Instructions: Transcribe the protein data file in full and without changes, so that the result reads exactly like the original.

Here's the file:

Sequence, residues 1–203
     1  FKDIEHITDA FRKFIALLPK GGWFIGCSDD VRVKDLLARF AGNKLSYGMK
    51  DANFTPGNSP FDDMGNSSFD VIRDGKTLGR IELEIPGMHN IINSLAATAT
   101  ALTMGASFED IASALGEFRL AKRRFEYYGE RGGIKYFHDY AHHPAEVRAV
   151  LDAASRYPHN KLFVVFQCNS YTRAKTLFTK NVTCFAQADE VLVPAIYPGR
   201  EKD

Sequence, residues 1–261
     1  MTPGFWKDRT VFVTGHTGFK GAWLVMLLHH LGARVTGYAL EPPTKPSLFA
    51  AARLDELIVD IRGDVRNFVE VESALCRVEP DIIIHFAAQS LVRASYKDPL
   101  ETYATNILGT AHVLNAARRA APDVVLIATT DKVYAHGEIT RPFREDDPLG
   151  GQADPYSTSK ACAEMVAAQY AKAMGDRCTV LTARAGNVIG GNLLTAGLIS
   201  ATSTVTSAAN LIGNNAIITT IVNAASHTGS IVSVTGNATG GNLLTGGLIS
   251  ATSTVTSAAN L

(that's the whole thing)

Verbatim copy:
Sequence, residues 1–203
     1  FKDIEHITDA FRKFIALLPK GGWFIGCSDD VRVKDLLARF AGNKLSYGMK
    51  DANFTPGNSP FDDMGNSSFD VIRDGKTLGR IELEIPGMHN IINSLAATAT
   101  ALTMGASFED IASALGEFRL AKRRFEYYGE RGGIKYFHDY AHHPAEVRAV
   151  LDAASRYPHN KLFVVFQCNS YTRAKTLFTK NVTCFAQADE VLVPAIYPGR
   201  EKD

Sequence, residues 1–261
     1  MTPGFWKDRT VFVTGHTGFK GAWLVMLLHH LGARVTGYAL EPPTKPSLFA
    51  AARLDELIVD IRGDVRNFVE VESALCRVEP DIIIHFAAQS LVRASYKDPL
   101  ETYATNILGT AHVLNAARRA APDVVLIATT DKVYAHGEIT RPFREDDPLG
   151  GQADPYSTSK ACAEMVAAQY AKAMGDRCTV LTARAGNVIG GNLLTAGLIS
   201  ATSTVTSAAN LIGNNAIITT IVNAASHTGS IVSVTGNATG GNLLTGGLIS
   251  ATSTVTSAAN L